!-- Beacon Ads Ad Code -->

Sponsor Ad:

Collapse

Announcement

Collapse
No announcement yet.

Infant baptism...is it right?

Collapse
X
 
  • Filter
  • Time
  • Show
Clear All
new posts

  • Infant baptism...is it right?

    I have to put this out there because it has bothered me for some time. Our church practices infant baptism and also accepts it as a substitute for adult baptism when it comes to membership at our church. I am sorry but, I see no scriptural basis for infant baptism, and quite frankly, if it is more like a baby dedication, why use the loaded word of baptism when there are spiritual implications associated with that word? Any thoughts?

  • #2
    Stephen,
    I definitely wouldn't use it as a substitute - I'm OK with "dedicating" an infant to the Lord ... but baptism is a public response to salvation, and clearly, an infant is unable to confess Christ as Savior and understand/walk in that.

    We dedicate infants, and we always point out during the ceremony that this is a sign of consecration and dedication, and that we charge the parents and congregation to bring up the child in the ways of the Lord and Scripture, and trust that the child will confess Christ at a time when they are able to do so on their own accord, and receive true baptism.

    We do NOT call it infant baptism.
    Fred McKinnon, Pianist/Composer/Worship Leader
    blog: www.fredmckinnon.com

    Please check out my piano/instrumental music at:
    www.soundcloud.com/FredMcKinnonMusic
    www.youtube.com/c/FredMcKinnonMusic

    Comment


    • #3
      This is what I've been taught as a born, bred and 'dunked' Baptist from the UK!

      I also agree that there's no Biblical basis for infant Baptism (or 'Christening' as it's often called here in the UK) and certainly no basis for 'substitution' either. As I understand it, infant Baptism became widely practised in the middle ages (or before) when there was a very high infant mortatily rate and it was seen as a way of 'getting the baby into heaven' - and of course if you wanted to donate to the church for the service...

      And we still have it because of 'tradition'. In fact the local Anglican priest in my town wrote an article along these lines. He'll do it as a 'form of dedication' and way of the parents commiting to bring the child up with a knowledge of God; but it doesn't 'make you a Christian' or 'get you into Heaven'. I think he took some flack from some of his parishoners about it...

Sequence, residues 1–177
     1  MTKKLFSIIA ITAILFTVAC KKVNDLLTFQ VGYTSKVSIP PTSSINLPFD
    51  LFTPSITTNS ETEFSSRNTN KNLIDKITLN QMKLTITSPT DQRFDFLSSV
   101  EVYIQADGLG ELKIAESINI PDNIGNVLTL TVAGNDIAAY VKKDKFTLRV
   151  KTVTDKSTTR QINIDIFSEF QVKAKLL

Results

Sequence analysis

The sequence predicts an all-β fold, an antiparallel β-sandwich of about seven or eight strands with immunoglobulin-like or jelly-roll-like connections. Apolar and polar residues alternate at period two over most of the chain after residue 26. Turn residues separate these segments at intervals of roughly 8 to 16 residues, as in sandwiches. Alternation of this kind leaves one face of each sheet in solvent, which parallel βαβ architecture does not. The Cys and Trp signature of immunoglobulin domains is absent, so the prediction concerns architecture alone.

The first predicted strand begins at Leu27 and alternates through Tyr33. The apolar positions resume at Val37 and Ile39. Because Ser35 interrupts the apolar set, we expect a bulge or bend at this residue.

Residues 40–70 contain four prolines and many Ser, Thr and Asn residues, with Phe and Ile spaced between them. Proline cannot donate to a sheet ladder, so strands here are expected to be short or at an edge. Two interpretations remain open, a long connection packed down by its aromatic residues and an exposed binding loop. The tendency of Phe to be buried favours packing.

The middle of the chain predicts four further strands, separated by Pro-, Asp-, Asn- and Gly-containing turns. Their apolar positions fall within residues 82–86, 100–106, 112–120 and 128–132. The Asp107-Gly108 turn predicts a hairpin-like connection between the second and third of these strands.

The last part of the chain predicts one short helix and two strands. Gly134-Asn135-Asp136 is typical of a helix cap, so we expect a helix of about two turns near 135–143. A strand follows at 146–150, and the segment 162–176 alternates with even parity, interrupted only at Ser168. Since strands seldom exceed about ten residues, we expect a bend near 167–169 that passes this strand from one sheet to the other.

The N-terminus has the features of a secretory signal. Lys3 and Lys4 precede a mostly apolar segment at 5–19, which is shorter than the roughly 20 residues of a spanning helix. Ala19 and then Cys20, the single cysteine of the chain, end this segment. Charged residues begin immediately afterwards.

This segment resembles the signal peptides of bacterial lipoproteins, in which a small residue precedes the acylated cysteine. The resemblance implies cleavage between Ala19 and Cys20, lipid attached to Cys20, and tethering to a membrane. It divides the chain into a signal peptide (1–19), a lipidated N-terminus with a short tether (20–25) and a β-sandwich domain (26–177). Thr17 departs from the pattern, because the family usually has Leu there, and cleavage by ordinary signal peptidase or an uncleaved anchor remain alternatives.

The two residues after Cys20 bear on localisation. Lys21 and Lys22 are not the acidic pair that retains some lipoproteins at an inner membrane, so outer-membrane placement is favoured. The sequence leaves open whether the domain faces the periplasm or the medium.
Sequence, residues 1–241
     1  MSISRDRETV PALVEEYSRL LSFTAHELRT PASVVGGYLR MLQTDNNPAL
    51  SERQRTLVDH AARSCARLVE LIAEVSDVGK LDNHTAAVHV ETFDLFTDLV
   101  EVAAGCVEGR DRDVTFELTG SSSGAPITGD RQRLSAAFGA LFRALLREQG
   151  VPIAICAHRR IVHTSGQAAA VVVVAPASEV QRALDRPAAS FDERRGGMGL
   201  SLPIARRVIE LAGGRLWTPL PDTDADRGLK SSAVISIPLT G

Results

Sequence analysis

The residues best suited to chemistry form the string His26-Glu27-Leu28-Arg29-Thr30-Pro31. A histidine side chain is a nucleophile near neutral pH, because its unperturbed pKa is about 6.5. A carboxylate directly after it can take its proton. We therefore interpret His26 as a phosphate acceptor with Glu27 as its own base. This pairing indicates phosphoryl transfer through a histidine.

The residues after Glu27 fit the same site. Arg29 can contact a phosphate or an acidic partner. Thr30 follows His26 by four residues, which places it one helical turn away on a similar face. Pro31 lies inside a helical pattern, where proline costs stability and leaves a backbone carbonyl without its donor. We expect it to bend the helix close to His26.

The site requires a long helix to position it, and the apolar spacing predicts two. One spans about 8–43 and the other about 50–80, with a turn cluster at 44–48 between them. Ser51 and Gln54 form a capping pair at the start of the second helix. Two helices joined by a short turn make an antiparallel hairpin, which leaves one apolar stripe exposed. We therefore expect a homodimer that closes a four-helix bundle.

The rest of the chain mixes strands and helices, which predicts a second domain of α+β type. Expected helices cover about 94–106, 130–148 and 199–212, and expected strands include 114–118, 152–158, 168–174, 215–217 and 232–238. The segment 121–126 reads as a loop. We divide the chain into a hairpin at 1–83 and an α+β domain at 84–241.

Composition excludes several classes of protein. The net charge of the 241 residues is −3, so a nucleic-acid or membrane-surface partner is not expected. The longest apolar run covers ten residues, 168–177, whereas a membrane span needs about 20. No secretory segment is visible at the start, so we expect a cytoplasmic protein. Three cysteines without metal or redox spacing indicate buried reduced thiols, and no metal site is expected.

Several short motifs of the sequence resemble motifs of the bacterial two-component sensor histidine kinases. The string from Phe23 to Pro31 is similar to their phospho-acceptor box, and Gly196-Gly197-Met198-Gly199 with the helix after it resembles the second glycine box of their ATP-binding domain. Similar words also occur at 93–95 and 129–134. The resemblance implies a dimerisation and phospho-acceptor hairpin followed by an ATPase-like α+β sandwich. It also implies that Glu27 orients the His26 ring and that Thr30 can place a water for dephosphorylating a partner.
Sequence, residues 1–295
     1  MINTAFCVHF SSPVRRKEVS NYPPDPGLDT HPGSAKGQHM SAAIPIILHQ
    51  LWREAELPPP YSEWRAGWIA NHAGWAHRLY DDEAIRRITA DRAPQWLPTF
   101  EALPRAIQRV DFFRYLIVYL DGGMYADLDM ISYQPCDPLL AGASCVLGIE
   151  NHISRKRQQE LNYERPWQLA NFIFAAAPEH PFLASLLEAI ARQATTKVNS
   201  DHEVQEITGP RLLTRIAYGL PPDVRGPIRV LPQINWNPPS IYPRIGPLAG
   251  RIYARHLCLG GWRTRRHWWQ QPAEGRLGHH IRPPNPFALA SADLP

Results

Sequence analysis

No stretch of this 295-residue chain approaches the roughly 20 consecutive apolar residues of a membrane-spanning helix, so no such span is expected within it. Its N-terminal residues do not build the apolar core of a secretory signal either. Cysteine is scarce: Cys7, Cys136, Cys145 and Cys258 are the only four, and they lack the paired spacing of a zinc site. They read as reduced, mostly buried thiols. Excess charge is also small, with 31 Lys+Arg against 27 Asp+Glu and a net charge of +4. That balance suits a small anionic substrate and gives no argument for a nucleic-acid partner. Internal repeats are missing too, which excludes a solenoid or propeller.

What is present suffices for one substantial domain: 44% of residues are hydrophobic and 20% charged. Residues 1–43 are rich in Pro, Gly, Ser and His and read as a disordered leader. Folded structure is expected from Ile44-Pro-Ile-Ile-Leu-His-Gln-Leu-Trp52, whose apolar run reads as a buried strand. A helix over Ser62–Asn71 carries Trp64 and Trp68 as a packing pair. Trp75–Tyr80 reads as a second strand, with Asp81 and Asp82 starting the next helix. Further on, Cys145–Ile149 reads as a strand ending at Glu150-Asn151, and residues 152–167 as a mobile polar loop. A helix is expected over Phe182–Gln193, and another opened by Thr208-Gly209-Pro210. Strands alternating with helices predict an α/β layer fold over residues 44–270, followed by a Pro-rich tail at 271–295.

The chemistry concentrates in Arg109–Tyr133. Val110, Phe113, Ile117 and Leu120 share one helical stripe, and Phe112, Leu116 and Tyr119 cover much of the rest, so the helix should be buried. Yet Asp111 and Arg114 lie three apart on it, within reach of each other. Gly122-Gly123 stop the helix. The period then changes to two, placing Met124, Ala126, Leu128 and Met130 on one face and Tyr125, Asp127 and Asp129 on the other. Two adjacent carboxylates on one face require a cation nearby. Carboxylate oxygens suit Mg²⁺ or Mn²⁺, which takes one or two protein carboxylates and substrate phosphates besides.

We 'dedicate' in my (Baptist) Church and then do adult baptism when you're able to make the desicion for yourself.

      In doing some study and research and I've found Matt 18:10 implies that all children 'below the age of accountability' (when you had your Bar or Bat Mitzvah and became 'an adult') belong to God and that's certainy very old Jewish thinking. For more on that you can go to: http://www.whyangels.com/what_do_ang...uardian_angels (a site I've researched/written/designed and created!) Look at the bible quote 29 and below it.

      I'm certainly no theologian (I'm a web designer!) but from talking to knowledgeable Christians and researching Christian and Jewish books that's what I've found. That's my 2p!

      Comment


      • #4
        I agree, I have never studied anywhere in the Bible that seems to support infant baptism. (Not that I know every passage of scripture perfectly!)

        Baptism seems to always be used in the Bible associated with adults or people old enough to dedicate themselves to following Jesus.

        Our baby dedication is more about the parents in front of the congregation promising to raise the child in a Godly home to the best of their ability...

        I would struggle with this practice also..

        Comment


        • #5
          Baptism - your definition

          A lot of what you're talking about has to do with one's definition of baptism. (I mentioned this on a tweet response, but there's only 140 characters there, and I think I've just now used that up.) For example: some denominations state that baptism is "an outward and visible sign of an inward and spiritual grace." That means that infants would be allowed to be baptized, because God's grace was there for them even in their infancy. You mentioned it yourself, jpc101, about the belief that those before the age of accountability belong to God. There's nothing really scriptural about that, but it does definitely require grace for that kind of thinking. Those who believe in infant baptism do so because in such a baptism they are celebrating the fact that God has already offered us grace even before we ask for it. It's a symbol of something God has already done - a baptism of God's Holy Spirit with grace.

          Those who follow a "believer's baptism" do so because, to them baptism is a public confession and celebration of one's salvation. That would, of course, require one to be old enough to claim one's salvation.

          Neither is "wrong" per se, unless you DON'T believe in God's grace being there for a child or unless you are an adult who hasn't accepted Christ but you go through the motions of a believer's baptism anyway.

          As far as scripture: there's not much that tells us scripturally how the act of baptism should be done in the church. Where would you find it? The early church, however, did begin using infant baptism in the first century (and, no, it wasn't because they thouht it would be a way to "get a baby into heaven" - I thought that, too, when I first started asking questions about this).